Sunday, July 29, 2012

Grandchildren motivate one to craft

      Hannah and I recently visited The City Quilter where she got involved with My New Sewing Book edited by Susan Akass and I bought Journey to Inspired Art Quilting by Jean Wells and Connecting Design to Stitch by Sandra Meech. To observe her interest to read to gather what she needed for her projects made this one of the happiest days of my life. But she was off to camp so we brought the other two grandchildren home here to Camp Hicks.

(Click on the photos to enlarge)

       Erika and David hit my studio coloring. In fact, Erika, after letting me draw her, wanted to draw me and her brother with a charcoal pencil. He accidentally turned into a monster, she said.

        In no time at all, I was pulling out all the projects I had played with 40 years ago or had never opened. The best projects were the Fancy Nancy quilt and pillow Erika designed; the Sculpey III, a polymer clay that stays soft until you cook it in the oven; and the wire jewelry created with telephone wire. I had an old pasta rolling machine that made the clay malleable and both children loved passing the clay through the rollers. Erika made several necklaces out of the recycled telephone wire which she wrapped around popcycle sticks and round dowels. She put the beads onto another wire and shaped the ends into hook and eyes to make necklaces.  Although we both worked on beads with the Sculpey III while David cut out the clay with cookie cutters, Erika wanted to make pinch pots and baskets. We had so much fun.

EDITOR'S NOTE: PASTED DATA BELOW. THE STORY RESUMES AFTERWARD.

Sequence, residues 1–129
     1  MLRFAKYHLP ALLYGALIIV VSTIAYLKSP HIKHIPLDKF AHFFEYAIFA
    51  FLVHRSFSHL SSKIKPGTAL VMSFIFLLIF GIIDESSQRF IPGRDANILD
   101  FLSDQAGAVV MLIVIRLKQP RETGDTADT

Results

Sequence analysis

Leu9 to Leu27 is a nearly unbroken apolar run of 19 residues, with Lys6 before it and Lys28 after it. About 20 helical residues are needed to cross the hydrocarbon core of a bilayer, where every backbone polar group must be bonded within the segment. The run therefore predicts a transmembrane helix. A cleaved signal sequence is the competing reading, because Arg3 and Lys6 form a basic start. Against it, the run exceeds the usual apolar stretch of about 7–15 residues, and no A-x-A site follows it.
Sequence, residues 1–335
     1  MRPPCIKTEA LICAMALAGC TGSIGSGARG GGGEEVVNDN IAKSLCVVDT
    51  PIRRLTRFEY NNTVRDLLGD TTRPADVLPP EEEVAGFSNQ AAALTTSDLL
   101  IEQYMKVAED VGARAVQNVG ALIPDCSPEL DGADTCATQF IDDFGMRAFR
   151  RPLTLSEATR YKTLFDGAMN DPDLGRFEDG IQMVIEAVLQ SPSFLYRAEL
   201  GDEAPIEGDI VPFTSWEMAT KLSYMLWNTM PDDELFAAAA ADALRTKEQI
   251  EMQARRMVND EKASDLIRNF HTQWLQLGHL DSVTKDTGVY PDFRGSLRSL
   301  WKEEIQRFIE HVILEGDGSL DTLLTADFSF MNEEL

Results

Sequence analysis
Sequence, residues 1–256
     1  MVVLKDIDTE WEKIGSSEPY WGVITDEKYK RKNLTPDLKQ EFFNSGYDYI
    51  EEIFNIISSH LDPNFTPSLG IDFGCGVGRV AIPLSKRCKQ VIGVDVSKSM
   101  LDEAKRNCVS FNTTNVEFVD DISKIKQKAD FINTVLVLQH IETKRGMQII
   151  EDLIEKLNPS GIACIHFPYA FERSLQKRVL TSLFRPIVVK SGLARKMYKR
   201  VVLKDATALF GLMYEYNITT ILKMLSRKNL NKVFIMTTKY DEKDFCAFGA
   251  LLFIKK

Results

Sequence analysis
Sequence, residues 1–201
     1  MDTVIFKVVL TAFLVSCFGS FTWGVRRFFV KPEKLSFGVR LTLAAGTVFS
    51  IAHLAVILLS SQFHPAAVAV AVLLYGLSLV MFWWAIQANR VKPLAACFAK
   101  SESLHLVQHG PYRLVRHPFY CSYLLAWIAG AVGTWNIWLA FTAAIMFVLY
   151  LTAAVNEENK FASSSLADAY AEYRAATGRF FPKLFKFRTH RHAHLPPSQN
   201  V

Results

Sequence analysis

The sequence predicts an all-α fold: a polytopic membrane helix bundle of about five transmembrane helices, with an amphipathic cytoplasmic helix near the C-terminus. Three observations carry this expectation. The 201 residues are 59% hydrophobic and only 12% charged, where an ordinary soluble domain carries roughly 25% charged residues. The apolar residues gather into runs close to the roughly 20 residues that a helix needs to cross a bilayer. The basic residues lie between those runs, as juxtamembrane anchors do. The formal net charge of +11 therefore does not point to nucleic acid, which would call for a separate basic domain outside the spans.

Today their mother and father picked them up and Erika left with a Sashiko coaster project in hand to sew on the road, just as LinLin did on drive bringing her to visit!

       We had a few failures: the plaster animals that never dried in the rubber latex molds so we could paint them. However, I am so glad to finally have had an excuse and the time to make the polymer clay beads. I would never have gotten to them if not for the children. Ceramic mosaics are next! I also loved introducing Erika to the notion that you can learn a lot studying instructional photos...not just reading the instructions. She starts first grade in September.